It came a bit sooner than expected but the change is here; I am going through late-twenties social menopause. My doctor, who asked me to please stop bypassing the receptionist by booking appointments online under different profiles and to instead see a therapist, confirmed my suspicions.
Symptoms include the following:
– Hot flashes at bars that require me to take my jacket off 100 times and render me unsure of what to do with it when it is off
– Being unable to hear at very trendy restaurants
– Waking up early out of nowhere and therefore needing to be in bed by 12 a.m. at the latest or else I turn into a walnut
– Pain (orthopedic and back-focused, likely due to high heels)
– The realization that the things you used to deem fun (partying, pre-gaming, attending after-hours, meeting new people, coming home late, staying up to watch sunsets just because you could) now just make you tired
It’s all a part of growing up, of letting the creaky panels of wood that make up your old house expand, shrink back and settle into place. That which fueled your younger self lit a fire under your ass for a reason: you had to get out there, make friends, date everyone, be stupid, drink too much and have that in-your-twenties experience — or so you thought, or so you were told, or whatever your reasoning, you did it, and now?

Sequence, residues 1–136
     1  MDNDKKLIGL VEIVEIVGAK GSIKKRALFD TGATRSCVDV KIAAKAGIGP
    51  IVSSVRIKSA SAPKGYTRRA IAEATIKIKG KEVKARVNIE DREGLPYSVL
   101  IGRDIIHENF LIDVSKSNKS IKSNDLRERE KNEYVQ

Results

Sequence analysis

Now it’s okay if you no longer want to. Late-twenties social menopause opens up space for new ventures. Maybe we’ll finally learn to cook. Maybe we’ll actually start saving. All I want to do as of the past few months — and finally it’s an itch I can no longer ignore — is turn my apartment into a home. Ground myself without feeling grounded. It’s not the feeling of “adult” that I’m craving so much as it is feeling like a human. Because didn’t twenty-three-through-seven feel a bit like a rough round of drunk ice skating?
A great idea at the time, but the next morning…
What’s tricky is when you begin to experience the change before anyone else in your social group. Not everyone understands. You get called “lame” quite often. I recently had two different guys who I used to have *things* with calculate that I am now fun about 75% of the time.
They are not wrong. I anticipate that number will shrink, too. My body is conserving energy.
Late-twenties social menopause can be isolating because it forces you to isolate yourself. You go out, but come home early. (I give the same reason every time, but the curfew keeps moving up: “Nothing good happens after 2 — 1 — 12…11?” Your friends are out, still galavanting, and what you want is for them to come home, too. “Let’s have a nice quiet dinner party,” you want to shout. “Let’s stay in, drink wine, play charades and be in bed by ten!”
We are still so young, they remind me.
I’m just not sure this is about age.
What it has done is reignited friendships with those who went through social menopause years before I did. Friends who, for some time now, have touted the benefits of calming down. Who explained that you don’t waste the city by staying in. (You go outside during the day, don’t you? Try new cafes? Walk for dessert after dinner?)
Maybe they were on to something.